Wednesday, September 21, 2022

Mentor Texts for a Changing Season

 by Sue Heavenrich

Fall officially begins on Thursday, September 22. In reality, fall begins much earlier. The tomatoes and peppers in my garden know fall is coming. The birds and woolly bear caterpillars can tell, weeks before the official beginning of autumn. So when I began searching for mentor texts about fall, I looked for books that captured not just the season, but also that in-between-ness. 

I lucked out when Buffy Silverman’s newest book landed on my desk for a book review. Having seen the jacket image months ago, I was eager to read it.

On a Gold-Blooming Day: Finding Fall Treasures, by Buffy Silverman (Millbrook Press, 2022)

On a gold-blooming, bee-zooming, sun-dazzling day…
Snakes glide. 
Spiders hide. 
Crickets chirp. 
Butterflies slurp.

Buffy’s lyrical language that just reels you into the changing season! She fills the page with verbs and color and sensory detail, all rolled into one luscious leaf pile just waiting for you to jump on. Then there are the large, bold photos and, of course, excellent back matter. 

“So Buffy,” I asked, “do you use mentor texts?”

“Of course I do,” Buffy responded. “I am a believer in regular trips to the library to check out stacks of picture books.  Reading helps put me in the mindset to write, even if the books are not related to the topic that I'm focused on.”

Me: What were some of the mentor texts you looked at?

Buffy: Some of the books that I remember reading when drafting On a Gold-Blooming Day include Douglas Florian's Autumnblings, Kenard Pak's Goodbye Summer, Hello Autumn; April Pulley Sayre's Full of Fall; Lola Schaefer's Because of an Acorn; and Loretta Holland's Fall Leaves

I wrote the first draft of On a Gold-Blooming Day during my critique group's annual retreat. We couldn't spend time together during the summer of 2020, so we met on zoom for a few days. Each night we shared what we wrote during the day. Like many people, I had trouble finding motivation to write during the height of covid shutdowns. But peer-pressure is good motivation and inspiration.

Since I was writing a follow-up to On a Snow-Melting Day, I followed the pattern of that book. Writing the second book felt a bit like plagiarism--but I guess you can't plagiarize yourself! Many of the plants and animals featured in both books are ones that live near my house and that I observe and attempt to photograph. I live near a lake, woods, and field, so I included all three habitats.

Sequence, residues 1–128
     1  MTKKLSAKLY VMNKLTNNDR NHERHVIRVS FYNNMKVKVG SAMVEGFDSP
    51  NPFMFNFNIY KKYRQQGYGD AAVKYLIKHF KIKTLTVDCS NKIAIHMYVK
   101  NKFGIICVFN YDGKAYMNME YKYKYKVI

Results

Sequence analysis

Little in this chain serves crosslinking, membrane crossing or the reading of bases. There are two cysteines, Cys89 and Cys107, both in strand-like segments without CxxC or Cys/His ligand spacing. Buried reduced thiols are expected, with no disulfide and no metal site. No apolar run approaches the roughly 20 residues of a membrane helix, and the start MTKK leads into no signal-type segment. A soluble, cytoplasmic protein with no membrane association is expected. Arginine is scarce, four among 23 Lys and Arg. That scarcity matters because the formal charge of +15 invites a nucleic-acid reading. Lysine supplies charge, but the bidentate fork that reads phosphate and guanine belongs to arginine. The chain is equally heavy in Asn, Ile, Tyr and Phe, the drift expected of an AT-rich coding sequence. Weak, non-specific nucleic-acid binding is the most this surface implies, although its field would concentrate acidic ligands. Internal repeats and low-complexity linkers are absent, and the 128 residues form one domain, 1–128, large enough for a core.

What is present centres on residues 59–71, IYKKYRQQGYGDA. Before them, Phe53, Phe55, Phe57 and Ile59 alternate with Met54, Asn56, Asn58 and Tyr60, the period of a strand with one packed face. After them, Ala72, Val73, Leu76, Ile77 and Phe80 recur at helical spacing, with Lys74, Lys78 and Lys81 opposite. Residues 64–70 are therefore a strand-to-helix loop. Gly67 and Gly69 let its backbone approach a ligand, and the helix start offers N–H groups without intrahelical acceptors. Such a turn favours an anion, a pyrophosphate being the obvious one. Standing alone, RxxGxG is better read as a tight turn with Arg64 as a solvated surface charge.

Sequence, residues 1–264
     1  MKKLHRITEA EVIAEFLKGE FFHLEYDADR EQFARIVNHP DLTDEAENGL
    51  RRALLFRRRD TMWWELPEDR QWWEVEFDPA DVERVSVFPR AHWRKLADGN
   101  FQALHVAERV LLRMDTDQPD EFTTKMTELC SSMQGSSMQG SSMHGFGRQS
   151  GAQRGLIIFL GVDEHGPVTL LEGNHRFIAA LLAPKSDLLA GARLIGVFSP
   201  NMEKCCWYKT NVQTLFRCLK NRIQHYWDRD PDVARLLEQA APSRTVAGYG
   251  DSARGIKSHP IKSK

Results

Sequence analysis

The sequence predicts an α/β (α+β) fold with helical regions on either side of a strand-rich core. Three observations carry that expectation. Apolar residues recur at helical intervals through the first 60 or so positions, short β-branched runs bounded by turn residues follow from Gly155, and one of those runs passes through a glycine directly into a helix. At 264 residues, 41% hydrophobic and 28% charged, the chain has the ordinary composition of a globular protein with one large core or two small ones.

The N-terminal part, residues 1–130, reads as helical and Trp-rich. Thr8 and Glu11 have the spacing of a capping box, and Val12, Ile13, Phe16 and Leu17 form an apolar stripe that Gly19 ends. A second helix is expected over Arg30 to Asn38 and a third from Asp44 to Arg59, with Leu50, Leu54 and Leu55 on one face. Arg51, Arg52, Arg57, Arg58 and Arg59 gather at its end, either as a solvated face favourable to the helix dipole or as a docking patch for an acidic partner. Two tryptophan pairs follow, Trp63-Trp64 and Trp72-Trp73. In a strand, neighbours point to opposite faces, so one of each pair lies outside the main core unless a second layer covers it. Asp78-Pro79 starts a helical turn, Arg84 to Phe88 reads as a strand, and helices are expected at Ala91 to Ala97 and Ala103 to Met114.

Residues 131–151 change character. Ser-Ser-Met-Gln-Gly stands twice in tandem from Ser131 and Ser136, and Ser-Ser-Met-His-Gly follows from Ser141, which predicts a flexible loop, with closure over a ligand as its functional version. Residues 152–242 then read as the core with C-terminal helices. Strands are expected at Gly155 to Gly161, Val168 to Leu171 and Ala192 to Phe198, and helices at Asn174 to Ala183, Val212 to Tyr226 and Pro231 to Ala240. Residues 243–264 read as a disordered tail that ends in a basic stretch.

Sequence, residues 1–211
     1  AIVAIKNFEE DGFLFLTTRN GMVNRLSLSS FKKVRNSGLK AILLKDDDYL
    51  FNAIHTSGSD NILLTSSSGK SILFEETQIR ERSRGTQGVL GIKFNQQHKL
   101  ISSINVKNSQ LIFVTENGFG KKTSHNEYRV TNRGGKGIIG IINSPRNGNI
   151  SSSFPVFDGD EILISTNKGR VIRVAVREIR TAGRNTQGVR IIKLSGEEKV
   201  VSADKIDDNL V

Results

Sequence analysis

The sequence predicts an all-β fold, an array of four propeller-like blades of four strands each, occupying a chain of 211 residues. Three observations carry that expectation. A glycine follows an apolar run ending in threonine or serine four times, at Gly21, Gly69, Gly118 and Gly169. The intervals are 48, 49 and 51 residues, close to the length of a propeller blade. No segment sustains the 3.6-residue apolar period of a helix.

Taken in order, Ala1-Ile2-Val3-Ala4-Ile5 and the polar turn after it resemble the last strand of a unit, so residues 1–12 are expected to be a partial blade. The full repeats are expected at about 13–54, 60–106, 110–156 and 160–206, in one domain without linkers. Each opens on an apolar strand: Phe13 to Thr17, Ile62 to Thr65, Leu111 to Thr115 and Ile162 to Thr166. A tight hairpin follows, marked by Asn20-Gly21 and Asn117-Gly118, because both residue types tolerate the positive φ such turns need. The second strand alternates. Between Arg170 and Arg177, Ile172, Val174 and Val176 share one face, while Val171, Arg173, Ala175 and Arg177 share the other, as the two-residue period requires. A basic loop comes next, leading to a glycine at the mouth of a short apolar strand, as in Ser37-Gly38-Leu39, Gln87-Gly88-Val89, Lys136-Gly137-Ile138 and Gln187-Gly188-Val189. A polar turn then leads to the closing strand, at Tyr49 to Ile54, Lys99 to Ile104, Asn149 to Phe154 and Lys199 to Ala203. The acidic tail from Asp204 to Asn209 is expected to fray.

Me: How did you collect such a wonderful assortment of words? I imagine you collecting words like I collect leaves, but where I press leaves between the pages of old encyclopedias, you probably stick post-its of verbs to the wall.

Buffy: I tend to do a lot of playing with word options as I write. For example, on my first draft I wrote: 

On a leaf-chomping,
Romping, stomping, clomping, swamping, whomping
On a breeze-blowing/slowing/showing/crowing  
wind-whistling, leaf-shaking/trembling  
Tossing

And then landed on:
On a nut-crunching, leaf-lunching, hole-digging day...

It's possible that some of the words from mentor texts ended up in On a Gold-Blooming Day. They were certainly floating around in my head!  

What’s really cool is that some of Buffy’s mentor texts were the same ones I’d dug up from the library stacks. 

Summer Green to Autumn Gold: Uncovering Leaves’ Hidden Colors, by Mia Posada (Millbrook Press, 2019).

This book celebrates the colors of fall, and introduces the science behind leaf color. I love Mia’s artwork – here she combines watercolor and collage – and I love her use of language. Take this sentence: From emerald to jade and every shade in between, summer leaves fill the world with green. 

Read it out loud, slowly enough to enjoy the internal rhymes (assonance) of jade and shade and between and green. 

She does a good job explaining leaf pigments, how leaves separate from their twigs, and what happens to them once they fall. Then there is the back matter to consider: why deciduous trees lose their leaves, the various pigments in nature, and some hands-on activities.

Full of Fall, by April Pulley Sayre (Beach Lane Books, 2017)

Big photos, lyrical language. What’s not to love about an April Pulley Sayre book? Especially when the back matter explains each of the spreads in greater detail. Notes about chlorophyll and other pigments. A focus on midribs and leaf margins.

Goodbye Summer, Hello Autumn, by Kenard Pak (Henry Holt, 2016)
What’s fun about this book is that it’s a conversation between a girl and the trees (and flowers and creatures) she meets as summer turns to fall. 
Hello, trees, she says as she heads off on a walk. And the trees answer: Hello! Now that the cool winds have come, we love how our branches sway in the sun. 
Note to self: Be Playful!



Autumnblings, Poems and Paintings, by Douglas Florian (Greenwillow Books, 2003)
Normally, I seek mentor texts published within the last 5 years, but I have a soft spot for Florian’s books. They are just plain fun to read. Plus, poetry does not go out of date no matter how long a book’s been sitting on the shelf. Because I love to write lists, I was happy to see some list poems ~ couplets about “What I love about autumn”: apple picking, frisbee flicking…